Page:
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uwallet link 10รบ100 This completed the preparation for the night. The captain consulted his repeater, and ascertained that it was twenty minutes past twelve. The Bronx was in position to learn the fact if any vessel attempted to run out of St. Andrew's Bay, provided his calculations in regard to the locality of the Bronx were correct. Christy went down to the deck, and walked aft with Mr. Flint. uwallet link 10รบ100 The lamp on gimbols was lighted, and Corny took possession of the room, and had not a suspicion that he was not its only occupant. He lay down in his berth after he had removed his coat and shoes, and in a few minutes Christy judged that he was asleep from the sound of his breathing, which soon degenerated into a mild snore. Mr. Flint was to make a beginning in the project, or, as Dave called it, "open the ball." "Where is your bag?" asked Mr. Flint, as Christy, the actual commander of the Bronx, passed him. "What are you doing with a valise?" "Then you are not dangerously wounded," added Christy. "I was afraid it had gone through your head." With the aid of his speaking trumpet he gave the same order to Mr. Camden on board of the Sphinx; but he had hardly uttered the command before his left leg gave way under him, and he sunk to the floor of the bridge. A ball had struck him in the thigh, and he could feel the blood flowing down his limb. He grasped the rail of the bridge, and drew himself up. There he stood like a statue, supporting himself with his well arm, till the Bronx had passed out of musket-shot range. "Open with the broadside guns, Mr. Flint!" called Christy, as the Bronx came abreast of the works. "This fish seems to be red snapper, captain, and it is very good. Will you allow me to help you to some of it?" continued the stranger very politely. The incidents of the story contained in this volume are suggested by actual occurrence during the Rebellion, though they are not absolutely historical details, but are as probable as many real events of the war. The enemy were busy in some of the Northern cities, and there were 9 many daring operations undertaken by them which justify the story in its principal features. Most of the characters have been introduced in the preceding volumes of the series; and in the succeeding volume the hero will be presented in a somewhat different field of action, though in whatever sphere he moves he will continue to be engaged in "Fighting for the Right." "Not a night for blockade runners," added the captain. สมคร pg slot โปร 100 "If I am the impostor, I do not know myself; but I have no desire to forestall your decision. You saw the sick officer when he came on board last evening, and you have visited him in his stateroom to-day. Do I look enough like him to be taken for him?" asked Christy with a smile, as he placed himself in an attitude to be scrutinized by the commander. "What are you waiting for, Mr. Flint?" asked Christy in a whisper, as he joined the second lieutenant. "Good again!" exclaimed the lieutenant. "I think that is about the range of those guns." 252 "Not at all, Captain Battleton," replied Christy, taking the hand of the commander of the store-ship. "The flag-officer sustained your decision; and with my commission in the pocket of my cousin, I do not see that you could have adjusted the question in any other manner. I assure you I have not a particle of ill-feeling towards you on account of what you did in the discharge of your duty." "But what became of Corny?" asked Colonel Passford, with no little anxiety on his face. "All right, doctor; I have been directed to admit you. Pass in, sir." "A ball went through my arm; but it is all right," replied Christy with a ghastly smile. freeเครดต "I find no fault with you on that account, doctor," added Christy. "I don't know exactly where we are now, Captain Passford," said the officer of the expedition. "I am sorry you did not explain the blank paper in your envelope, Mr. Passford," said the surgeon, as they were leaving the cabin. "It is Mr. Christy, ma'am; nothing is the matter," replied Walsh; but then he appeared to think that he had replied without proper consideration, and he revised his speech. "I don't know that anything's the matter, ma'am," and still he gazed at the young gentleman, as though he deemed it possible that he had suddenly gone crazy. The commander looked at his watch after they had conversed a little while longer, and then invited Christy to visit his cabin with him. The other Lieutenant Passford was seated in an arm-chair at the table. Christy looked at him with the deepest interest, but the back of the other was turned to him, and he did not get a full view of his face. The sick man was dressed in the naval uniform with the shoulder straps of a lieutenant. As soon as the steward had taken him to the steerage, Mr. Pennant made his report in full, even to the number and calibre of the guns at the fort, and including the cure he had wrought upon the Confederate soldier. Christy was amused at this last part of the narrative; but he had no time to waste in conversation. "This is not an official envelope," said the captain, 80 as he took the package, and then fixed his gaze on the owner of the documents. When the commander went on deck, the fog had disappeared, and the shore was to be seen at the distance of about six miles from the steamer. At eight bells, or noon, a steamer was discovered coming out of the bay by a channel between two islands. She carried the American flag over the Confederate, and no one doubted that she was the Floridian. In half an hour she was alongside, and she looked like a fine vessel, for she had come from the other side of the ocean as a blockade-runner. "Certainly not; for as soon as it was seen on board of the flag-ship that the commander of the Bronx was disobeying his orders, we should be chased by the two ships on the station and fired upon." It was plain enough to Christy that the remarkable attempt of one or the other of the officers on board as passengers to personate the other had been explained to those on the quarter-deck, for he observed that they all regarded him with curiosity, and were interested in the matter. As the surgeon passed near him he spoke to him. "You must excuse me, Captain Flanger, but I object to signing such an order," replied Christy, as he rose from his chair. "I am glad to see you, Dr. Waterton, for I have exhausted all my remedies," said Lieutenant Fourchon. "I was not born to be a doctor. The patient seems to be no better." Ensign McLinn, who had served on board of the little steamer, but had recently been on sick leave, was appointed second lieutenant of the Bronx, while Mr. Camden, outranked by the other officers, remained as third lieutenant. Christy and Mr. Pennant were transferred to the Sphinx, with a prize crew; and that same evening the Bronx sailed under her new commander, with sealed orders, to the eastward.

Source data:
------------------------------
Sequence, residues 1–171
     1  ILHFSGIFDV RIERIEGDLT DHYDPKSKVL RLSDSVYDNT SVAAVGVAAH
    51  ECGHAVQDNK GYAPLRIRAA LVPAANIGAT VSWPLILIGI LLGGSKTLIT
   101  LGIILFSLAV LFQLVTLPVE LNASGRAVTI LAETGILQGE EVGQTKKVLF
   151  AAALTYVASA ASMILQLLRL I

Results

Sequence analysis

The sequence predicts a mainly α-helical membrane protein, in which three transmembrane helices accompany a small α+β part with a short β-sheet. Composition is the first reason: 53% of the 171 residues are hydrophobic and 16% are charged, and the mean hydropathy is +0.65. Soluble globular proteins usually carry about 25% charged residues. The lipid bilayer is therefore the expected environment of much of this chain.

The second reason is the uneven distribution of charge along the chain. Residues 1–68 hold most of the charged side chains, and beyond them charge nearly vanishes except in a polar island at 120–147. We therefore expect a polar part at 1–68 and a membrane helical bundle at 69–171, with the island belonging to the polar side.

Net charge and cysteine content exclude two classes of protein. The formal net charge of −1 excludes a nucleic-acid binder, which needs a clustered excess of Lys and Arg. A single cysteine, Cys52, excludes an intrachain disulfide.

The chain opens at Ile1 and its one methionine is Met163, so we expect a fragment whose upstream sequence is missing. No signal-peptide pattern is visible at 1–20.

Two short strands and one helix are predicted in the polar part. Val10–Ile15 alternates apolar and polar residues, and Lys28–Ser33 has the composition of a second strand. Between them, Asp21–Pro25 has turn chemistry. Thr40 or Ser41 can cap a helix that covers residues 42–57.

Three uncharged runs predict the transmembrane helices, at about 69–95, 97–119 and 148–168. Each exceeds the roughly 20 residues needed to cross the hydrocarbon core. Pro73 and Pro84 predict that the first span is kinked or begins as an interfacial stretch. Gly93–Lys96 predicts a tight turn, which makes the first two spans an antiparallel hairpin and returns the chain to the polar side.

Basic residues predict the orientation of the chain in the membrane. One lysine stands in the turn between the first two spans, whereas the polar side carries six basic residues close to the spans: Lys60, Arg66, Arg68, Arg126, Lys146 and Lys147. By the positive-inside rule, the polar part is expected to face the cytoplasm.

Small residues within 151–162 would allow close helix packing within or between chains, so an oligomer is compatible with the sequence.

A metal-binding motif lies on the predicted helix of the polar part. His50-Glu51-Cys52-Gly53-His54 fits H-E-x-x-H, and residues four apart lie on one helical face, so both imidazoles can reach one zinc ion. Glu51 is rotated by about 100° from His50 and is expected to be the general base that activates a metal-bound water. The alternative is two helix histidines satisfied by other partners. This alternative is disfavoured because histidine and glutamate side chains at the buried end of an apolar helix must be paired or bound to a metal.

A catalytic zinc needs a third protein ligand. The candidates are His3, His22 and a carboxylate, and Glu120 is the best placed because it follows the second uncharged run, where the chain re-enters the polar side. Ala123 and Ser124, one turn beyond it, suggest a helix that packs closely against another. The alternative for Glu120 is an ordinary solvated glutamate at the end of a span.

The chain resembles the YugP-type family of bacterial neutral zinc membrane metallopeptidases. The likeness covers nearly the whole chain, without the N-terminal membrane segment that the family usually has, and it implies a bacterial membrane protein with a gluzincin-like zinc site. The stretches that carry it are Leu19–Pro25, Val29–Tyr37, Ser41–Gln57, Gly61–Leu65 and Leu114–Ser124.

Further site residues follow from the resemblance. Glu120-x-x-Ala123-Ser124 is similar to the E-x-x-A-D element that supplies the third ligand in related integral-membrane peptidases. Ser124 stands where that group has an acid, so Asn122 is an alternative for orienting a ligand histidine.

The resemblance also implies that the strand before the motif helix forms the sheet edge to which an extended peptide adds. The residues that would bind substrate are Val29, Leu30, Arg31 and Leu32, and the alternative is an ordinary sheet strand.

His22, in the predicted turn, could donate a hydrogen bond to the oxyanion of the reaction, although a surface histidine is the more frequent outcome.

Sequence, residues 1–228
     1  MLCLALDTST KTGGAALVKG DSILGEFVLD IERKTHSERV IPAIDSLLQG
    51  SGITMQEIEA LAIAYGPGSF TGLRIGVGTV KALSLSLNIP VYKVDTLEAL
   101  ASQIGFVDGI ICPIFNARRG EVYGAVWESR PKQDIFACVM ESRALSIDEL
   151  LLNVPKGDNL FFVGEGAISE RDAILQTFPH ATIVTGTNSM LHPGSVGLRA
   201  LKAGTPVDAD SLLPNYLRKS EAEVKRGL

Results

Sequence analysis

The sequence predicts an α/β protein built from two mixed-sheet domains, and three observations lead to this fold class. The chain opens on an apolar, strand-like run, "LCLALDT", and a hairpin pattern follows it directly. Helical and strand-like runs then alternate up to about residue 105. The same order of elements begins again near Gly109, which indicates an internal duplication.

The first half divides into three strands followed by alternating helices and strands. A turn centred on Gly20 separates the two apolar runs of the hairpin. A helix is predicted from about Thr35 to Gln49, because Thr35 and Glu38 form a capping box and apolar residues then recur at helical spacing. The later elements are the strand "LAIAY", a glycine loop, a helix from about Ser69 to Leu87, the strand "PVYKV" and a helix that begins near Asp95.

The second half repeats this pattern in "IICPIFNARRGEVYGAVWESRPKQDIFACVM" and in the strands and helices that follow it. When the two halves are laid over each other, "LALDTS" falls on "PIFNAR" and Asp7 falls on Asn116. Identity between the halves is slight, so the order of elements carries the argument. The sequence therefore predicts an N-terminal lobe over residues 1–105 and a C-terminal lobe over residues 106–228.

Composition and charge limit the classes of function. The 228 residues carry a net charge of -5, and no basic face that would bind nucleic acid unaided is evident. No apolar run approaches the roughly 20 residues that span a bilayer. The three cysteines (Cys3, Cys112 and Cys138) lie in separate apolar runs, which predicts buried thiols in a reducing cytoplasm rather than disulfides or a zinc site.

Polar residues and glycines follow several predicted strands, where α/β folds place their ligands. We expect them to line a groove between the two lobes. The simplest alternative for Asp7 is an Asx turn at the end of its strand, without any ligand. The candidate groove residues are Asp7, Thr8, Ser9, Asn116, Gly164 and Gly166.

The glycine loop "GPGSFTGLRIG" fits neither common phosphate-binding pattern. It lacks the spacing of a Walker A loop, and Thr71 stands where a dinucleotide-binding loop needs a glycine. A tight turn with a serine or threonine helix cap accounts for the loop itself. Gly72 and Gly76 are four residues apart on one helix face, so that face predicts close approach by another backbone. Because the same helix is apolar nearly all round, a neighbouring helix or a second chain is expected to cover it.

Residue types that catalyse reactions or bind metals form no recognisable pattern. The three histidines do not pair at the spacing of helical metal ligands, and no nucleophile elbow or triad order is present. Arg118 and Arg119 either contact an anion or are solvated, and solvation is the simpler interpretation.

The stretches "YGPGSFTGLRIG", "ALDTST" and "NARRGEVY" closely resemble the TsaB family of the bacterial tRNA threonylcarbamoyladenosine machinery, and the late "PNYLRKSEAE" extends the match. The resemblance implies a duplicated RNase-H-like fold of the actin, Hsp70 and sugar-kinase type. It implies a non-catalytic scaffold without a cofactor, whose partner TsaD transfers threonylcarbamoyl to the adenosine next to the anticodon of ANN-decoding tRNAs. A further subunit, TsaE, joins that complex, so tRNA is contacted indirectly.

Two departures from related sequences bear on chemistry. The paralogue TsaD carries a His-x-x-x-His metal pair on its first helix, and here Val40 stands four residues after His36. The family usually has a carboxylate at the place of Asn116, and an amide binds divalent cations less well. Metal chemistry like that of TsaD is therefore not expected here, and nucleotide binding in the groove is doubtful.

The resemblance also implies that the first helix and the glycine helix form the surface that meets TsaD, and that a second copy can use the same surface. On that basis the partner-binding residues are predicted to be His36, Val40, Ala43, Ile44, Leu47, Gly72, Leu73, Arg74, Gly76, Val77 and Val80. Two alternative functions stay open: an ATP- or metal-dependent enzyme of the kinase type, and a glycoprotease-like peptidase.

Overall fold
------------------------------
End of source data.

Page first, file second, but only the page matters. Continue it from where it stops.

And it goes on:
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uwallet link 10รบ100 "I can mention just the right person to take Mr. Nawood's place," said Christy eagerly. 162 Christy was not very hungry after his late dinner, but he ate the dainties brought to him, and found that the cook of the Bronx had lost none of his skill. He might not have an opportunity to eat again very soon, for he did not lose sight of the fact that failure was possible, and he might soon be an occupant of a Confederate prison with Flint, as he had been once before. Christy was still clothed in the frock and cap of a common sailor, and he realized that it was time for him to put on his uniform. He went to the quarters of the men where he had concealed his valise, and carried it back to the cabin, where he proceeded to make the change. In a short time he had put himself in proper condition to take his place on the quarter-deck in command when his presence was required. He had nothing to do at present, and he concluded to write his report of the remarkable proceedings on board since the 175 Bronx left the station. He wanted his desk, and he went to the stateroom. 325 "With what was she loaded?" "If he does that, so much the better, for we shall have more time to prepare for a decided stroke," replied Christy. "I have my plan all ready, though of course it may fail, and to-night we may all be prisoners of war." "I don't know, Paul; I will think of the matter, and write to you as soon as I have time. There comes the boat. Mr. Flint, have the prisoner brought on deck to be transferred to the Bellevite." Christy had only time to tell very briefly the story of the adventure with Corny, and the capture of the Floridian, which he did for the purpose of introducing a matter of business in the line of his profession. The officers from the Bellevite asked him a great many questions, though he felt obliged to cut them short before they were half done with them. "But, Christy, something has happened; and you must tell me about it, or I shall not sleep another wink to-night," persisted the lady, concluding that her son was trying to conceal something from her, as indeed he was, for he feared it would alarm her if he told her some one had come into the house. "Take him away!" added Christy with energy; and the two seamen dragged him out of the cabin, leaving only Mr. Flint, the surgeon, and the steward in the cabin. "Dave," he continued, stepping up to the last, and taking him by the hand, "you have behaved remarkably well, and I thank you for the good service you have rendered to me and the cause of your country." "I see you are; but you decline to permit the surgeon to dress your wound. I have no more time to fool with you, and the men will put you on a berthsack forward. If you want the surgeon to attend to your wound, you have only to say so." "Can you tell me what position Mr. Flint has on board?" It was plain enough to Christy that the remarkable attempt of one or the other of the officers on board as passengers to personate the other had been explained to those on the quarter-deck, for he observed that they all regarded him with curiosity, and were interested in the matter. As the surgeon passed near him he spoke to him. "I had not the honor to communicate with you yesterday before the Bronx sailed for her destination; but I believe you were called upon to decide upon the identity of the officer who presented himself to you as the lieutenant appointed to the command of the Bronx, introduced by Captain Battleton of the Vernon." ฝาก 1 บาท รบ 20 The screw of the Bronx was started again. Though the Russian was a pilot over the bar, his services were not needed as such. The first cutter had kept the range of the buildings on the island, and Mr. Flint had already picked it up. The steamer proceeded at less than half speed, but the tide was at its highest. By this time it was seven o'clock in the morning, for a great deal of the time 343 had been used up in moving the cutter and the steamer. Breakfast had been served to all hands, and Christy had fortified his stomach for a busy forenoon. As the Bronx proceeded on her course, the lead going all the time, making not more than two knots an hour, the report of a gun was heard from the fort. "Make the course north-west, Mr. Flint," said 350 Christy, following the sailing directions with a proper allowance for the tide. "No more sounding; send the man below. We shall have from three to seven fathoms of water till we have passed the fort." As the names were called the men passed over to the starboard side, with their bags in their hands, for there was evidently to be no delay in making the transfer. But it was a full hour before Captain Battleton and Corny returned from the flag-ship. The prisoner on the forecastle thought his cousin looked very complacent, and his return indicated that his plot had not miscarried, and that the flag-officer had not challenged the identity of the future commander of the Bronx. Mr. Pennant put out the light in his lantern, and the party started to cross the island. "Maggywogs! That sounds like Massa Christy's 129 voice; but I done seen him on deck five or ten minutes ago." He knew also that if he attempted to leave the cabin to procure assistance, Flanger would shoot him with as little remorse as he would kill a coon in the woods. Watching his opportunity without trying to get behind the intruder till the decisive moment came, he sprang into the position he had selected in advance, and brought down the heavy head of the feather duster upon the temple of the privateersman. This matter was fully discussed during the next two months; and at the end of that time the young lieutenant was again in condition for duty. Both Mr. Camden and Mr. Pennant obtained the appointment of ensign on the strength of his reports. Christy was as earnest as ever in his desire to Stand by the union; he was ordered to the Bellevite as second lieutenant, and, after three months' absence, went to the Gulf again, where we shall find him once more, both on sea and shore, Fighting for the Right. "You do not wish to make any explanation of the remarkable situation in which you find yourself placed at the present moment?" สลอตโรมาฟร Ensign Flint was appointed to the command of the Bronx by the flag-officer, who had called upon Captain Passford in his stateroom. Christy had not failed to commend his executive officer in the highest terms. The commodore suggested that Christy could not be very kindly disposed towards Captain Battleton of the Vernon, on account of his decision against him in the matter of his identity. The steamer went ahead slowly; but the steam was hissing, and she seemed to be as impatient as a fiery horse at the slow starting. "But they are enclosed in an official envelope," added the captain, as he held up the cover of the papers. "In this respect they have the advantage of those presented by the other gentleman. 82 You appear to be as much surprised as any of the rest of us, Mr. Passford. Can you explain the fact that you present nothing but blank papers instead of your commission and orders?" "I ask your pardon, sir, but you called me Welch, or some such name," replied the late servant, as Christy was sure he was in spite of his denial. "I got him safe, Massa Cap'n," replied the steward, exhibiting most of the teeth in his mouth, for he was pleased with himself after he had executed the commission assigned to him, and did not feel as much like a contraband as he might. "Who were the men with muskets on board of the sloop?" uwallet link 10รบ100 "By taking the bull by the horns in good season, I am confident we can prevent this mischief." He knew also that if he attempted to leave the cabin to procure assistance, Flanger would shoot him with as little remorse as he would kill a coon in the woods. Watching his opportunity without trying to get behind the intruder till the decisive moment came, he sprang into the position he had selected in advance, and brought down the heavy head of the feather duster upon the temple of the privateersman. "Of course Corny asked for his appointment, for Mr. Galvinne was the real leader of the enterprise. I think you and some of the rest of us have narrowly escaped a Confederate prison." "I don't want him to take me simply because my father desires him to do so," answered the young commander, shaking his head. "I called you Walsh; and that is the name to 41 which you responded at two o'clock this morning," persisted the lieutenant. "Of course you cannot expect me to betray the confidence of the commodore; that would not be kind or friendly on your part, Captain Flanger, for you can see that this is a delicate matter," said Christy, halting in front of the table.